6. Some real fuckmonkey schools on that list with their low 150s to high 140s LSAT profiles. If there's any silver lining, it's that the top schools are not finding it necessary to scrape the bottom of the barrel quite yet, and that the pain is primarily borne by the schools at the ass-end of the rankings where the vast majority of the blame belongs.

    ReplyDelete
    Replies
    1. Casually browsing the LST side, I've noticed a bunch of schools with dropping LSAT scores, but steady or even sharply increasing GPA's. I think that they are dropping a tier on the undergrad programs who are providing their 1L's.

      Delete
  7. Widener should be on one of those lists, except it hasn't released figures since 2011.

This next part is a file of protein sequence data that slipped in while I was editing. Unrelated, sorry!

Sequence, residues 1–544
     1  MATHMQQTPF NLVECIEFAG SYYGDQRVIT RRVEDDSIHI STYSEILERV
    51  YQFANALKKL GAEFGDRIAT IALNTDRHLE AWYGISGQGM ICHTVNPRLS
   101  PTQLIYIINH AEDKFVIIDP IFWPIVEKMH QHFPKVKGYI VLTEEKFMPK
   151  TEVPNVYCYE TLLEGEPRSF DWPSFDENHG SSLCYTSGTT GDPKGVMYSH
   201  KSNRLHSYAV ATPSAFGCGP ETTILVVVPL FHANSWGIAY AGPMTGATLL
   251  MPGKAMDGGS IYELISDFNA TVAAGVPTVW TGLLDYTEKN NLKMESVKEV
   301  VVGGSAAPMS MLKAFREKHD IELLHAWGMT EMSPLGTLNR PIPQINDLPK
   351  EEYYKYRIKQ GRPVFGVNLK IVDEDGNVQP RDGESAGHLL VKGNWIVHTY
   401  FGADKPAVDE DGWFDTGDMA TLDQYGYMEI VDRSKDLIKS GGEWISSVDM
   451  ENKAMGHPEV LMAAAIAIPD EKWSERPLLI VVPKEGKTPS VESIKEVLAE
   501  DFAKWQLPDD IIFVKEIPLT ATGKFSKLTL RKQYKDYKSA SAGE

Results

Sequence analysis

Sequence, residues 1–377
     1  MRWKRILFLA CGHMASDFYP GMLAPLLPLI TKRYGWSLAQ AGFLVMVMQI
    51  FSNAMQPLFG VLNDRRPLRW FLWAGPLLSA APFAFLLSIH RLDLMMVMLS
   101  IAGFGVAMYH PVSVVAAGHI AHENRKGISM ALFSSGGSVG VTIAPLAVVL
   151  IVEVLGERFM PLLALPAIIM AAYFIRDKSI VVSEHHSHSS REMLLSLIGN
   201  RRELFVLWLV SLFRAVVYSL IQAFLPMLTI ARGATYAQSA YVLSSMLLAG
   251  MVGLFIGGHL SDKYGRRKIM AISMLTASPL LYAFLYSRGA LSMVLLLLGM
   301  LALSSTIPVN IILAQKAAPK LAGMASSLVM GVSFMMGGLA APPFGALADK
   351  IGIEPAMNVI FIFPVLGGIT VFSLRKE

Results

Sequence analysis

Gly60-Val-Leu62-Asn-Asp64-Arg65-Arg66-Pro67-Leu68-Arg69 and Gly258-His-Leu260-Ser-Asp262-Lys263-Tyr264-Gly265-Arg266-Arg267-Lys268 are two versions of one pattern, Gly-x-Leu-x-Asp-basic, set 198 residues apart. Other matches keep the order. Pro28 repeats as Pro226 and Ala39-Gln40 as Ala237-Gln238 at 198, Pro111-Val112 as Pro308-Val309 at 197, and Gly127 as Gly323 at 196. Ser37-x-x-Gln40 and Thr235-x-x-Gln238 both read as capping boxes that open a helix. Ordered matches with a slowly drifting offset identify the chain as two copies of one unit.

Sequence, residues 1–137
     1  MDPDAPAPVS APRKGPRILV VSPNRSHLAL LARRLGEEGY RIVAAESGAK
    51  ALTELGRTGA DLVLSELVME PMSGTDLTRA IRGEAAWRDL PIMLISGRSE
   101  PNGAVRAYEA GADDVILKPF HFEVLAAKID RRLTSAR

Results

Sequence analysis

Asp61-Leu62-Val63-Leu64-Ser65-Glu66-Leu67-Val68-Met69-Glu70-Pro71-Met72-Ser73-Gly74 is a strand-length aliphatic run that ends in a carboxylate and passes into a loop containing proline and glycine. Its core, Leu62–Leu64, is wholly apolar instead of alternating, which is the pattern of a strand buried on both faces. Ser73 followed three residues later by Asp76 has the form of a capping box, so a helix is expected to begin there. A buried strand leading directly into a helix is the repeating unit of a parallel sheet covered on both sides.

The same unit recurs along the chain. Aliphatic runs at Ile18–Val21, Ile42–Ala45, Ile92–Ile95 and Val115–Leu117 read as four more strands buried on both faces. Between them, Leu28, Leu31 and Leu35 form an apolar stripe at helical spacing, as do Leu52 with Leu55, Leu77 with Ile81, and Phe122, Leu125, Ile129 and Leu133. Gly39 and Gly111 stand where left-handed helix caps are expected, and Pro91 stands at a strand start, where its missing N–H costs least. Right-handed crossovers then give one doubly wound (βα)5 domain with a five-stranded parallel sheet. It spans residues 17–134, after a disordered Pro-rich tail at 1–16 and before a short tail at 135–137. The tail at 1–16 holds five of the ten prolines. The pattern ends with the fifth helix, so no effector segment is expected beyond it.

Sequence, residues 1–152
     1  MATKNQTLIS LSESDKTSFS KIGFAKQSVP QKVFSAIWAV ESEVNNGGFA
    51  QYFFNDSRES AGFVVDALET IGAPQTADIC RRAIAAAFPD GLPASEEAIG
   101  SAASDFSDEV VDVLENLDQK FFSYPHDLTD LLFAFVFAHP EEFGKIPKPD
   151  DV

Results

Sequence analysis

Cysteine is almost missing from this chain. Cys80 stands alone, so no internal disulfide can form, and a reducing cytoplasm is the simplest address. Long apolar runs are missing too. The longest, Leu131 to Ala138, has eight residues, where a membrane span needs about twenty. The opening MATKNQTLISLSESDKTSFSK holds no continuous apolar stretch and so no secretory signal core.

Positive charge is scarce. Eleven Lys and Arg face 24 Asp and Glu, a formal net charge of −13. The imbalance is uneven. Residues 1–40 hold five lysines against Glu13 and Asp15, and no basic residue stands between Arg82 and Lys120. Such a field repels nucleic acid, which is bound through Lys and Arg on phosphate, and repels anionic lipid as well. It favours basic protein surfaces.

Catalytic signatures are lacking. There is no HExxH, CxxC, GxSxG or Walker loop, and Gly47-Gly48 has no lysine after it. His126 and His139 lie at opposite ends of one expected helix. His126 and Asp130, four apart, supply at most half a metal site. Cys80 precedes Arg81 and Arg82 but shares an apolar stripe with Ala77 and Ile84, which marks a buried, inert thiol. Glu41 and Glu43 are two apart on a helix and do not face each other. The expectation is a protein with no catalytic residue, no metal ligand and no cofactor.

They're looking for a new dean, BTW.

    ReplyDelete
    Replies
    1. I'll take the job!

      Old Guy

      Delete
    2. Widener's medians
      2010: 152 (from LST)
      2011: 152 (from LST)
      2013: 150 (DE campus, from Widener website)
      2013: 147 (Harrisburg campus, from Widener website)

      Delete
    3. Laughable. Widener is the only law school in Delaware, correct? It speaks volumes when the state's own flagship U doesn't think the market is big enough to support a law school. (See also, Vermont)

      Delete
    4. Yes, Widener is the only law school in Delaware. It serves absolutely no purpose (although it has a nice library that members of the bar can use). Delaware has no need for a law school, since there are only ~3k lawyers practicing in the state, and most of the 0L population could easily commute to schools in Philly.